The political showdown over the nation's debt ceiling got a bit of a reprieve Friday as U.S. Treasury Secretary Janet Yellen pushed back the "X date" for a potential default to June 5.

Yellen, who had previously set June 1 as the date the federal government could run out of money to pay its debt, said the U.S. has enough reserve funds to operate for at least four additional days, giving lawmakers more time to strike a deal.

"We now estimate that Treasury will have insufficient resources to satisfy the government's obligations if Congress has not raised or suspended the debt limit by June 5," Yellen wrote in a letter to House Speaker Kevin McCarthy.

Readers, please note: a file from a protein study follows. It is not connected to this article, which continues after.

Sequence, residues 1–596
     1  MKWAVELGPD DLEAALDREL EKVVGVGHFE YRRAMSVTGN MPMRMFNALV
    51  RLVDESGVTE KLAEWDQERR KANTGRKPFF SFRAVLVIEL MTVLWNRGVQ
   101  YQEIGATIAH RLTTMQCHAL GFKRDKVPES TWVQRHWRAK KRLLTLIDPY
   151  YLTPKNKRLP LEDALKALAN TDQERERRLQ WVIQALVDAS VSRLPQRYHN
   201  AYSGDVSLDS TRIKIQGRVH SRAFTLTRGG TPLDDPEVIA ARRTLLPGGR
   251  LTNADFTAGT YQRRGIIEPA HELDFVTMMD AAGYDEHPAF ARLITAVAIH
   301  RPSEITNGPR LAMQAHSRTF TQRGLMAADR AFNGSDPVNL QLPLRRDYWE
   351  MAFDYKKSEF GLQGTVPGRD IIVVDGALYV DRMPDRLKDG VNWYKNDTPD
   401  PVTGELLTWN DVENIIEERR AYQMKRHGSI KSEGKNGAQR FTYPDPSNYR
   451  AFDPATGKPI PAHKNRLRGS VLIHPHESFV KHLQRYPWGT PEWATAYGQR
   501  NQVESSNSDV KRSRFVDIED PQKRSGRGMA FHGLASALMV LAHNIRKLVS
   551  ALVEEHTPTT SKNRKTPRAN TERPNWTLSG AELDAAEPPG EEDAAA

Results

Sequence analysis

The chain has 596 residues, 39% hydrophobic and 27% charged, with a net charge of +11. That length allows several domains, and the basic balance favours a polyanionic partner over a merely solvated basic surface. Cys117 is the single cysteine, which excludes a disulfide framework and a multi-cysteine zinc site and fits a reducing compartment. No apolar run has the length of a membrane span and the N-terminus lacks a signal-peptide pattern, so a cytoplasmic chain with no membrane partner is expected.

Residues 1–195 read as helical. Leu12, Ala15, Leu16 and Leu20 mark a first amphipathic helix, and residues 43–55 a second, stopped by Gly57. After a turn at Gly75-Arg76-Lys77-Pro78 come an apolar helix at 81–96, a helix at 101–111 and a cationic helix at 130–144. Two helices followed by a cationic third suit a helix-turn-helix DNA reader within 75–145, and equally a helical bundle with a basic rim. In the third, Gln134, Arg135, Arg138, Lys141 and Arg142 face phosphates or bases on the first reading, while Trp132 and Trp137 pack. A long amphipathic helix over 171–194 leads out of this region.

The outlook for a deal appeared dire when talks stalled midweek and Congress went on break for the Memorial Day weekend, heightening the game of brinkmanship between President Joe Biden and Republican pointman McCarthy. But hopes for progress were buttressed by Yellen's announcement and reports of a two-year debt deal in the works.

The new "X date" sets up a final push of negotiations next week, with Republicans demanding major spending cuts to raise or suspend the $31.4 trillion US debt cap. The White House has countered with raising taxes on the wealthiest Americans and companies, but neither side has budged despite the looming risk of a default.

The deadline extension and reports of a two-year debt deal in the works was a positive sign on Wall Street, where financial markets saw big gains. The Nasdaq Composite kept its hot streak alive with a 2.17% increase (up 277.59 points), the Dow Jones gained 1.0% (328.69), and the S&P500 climbed 1.3% (54.17).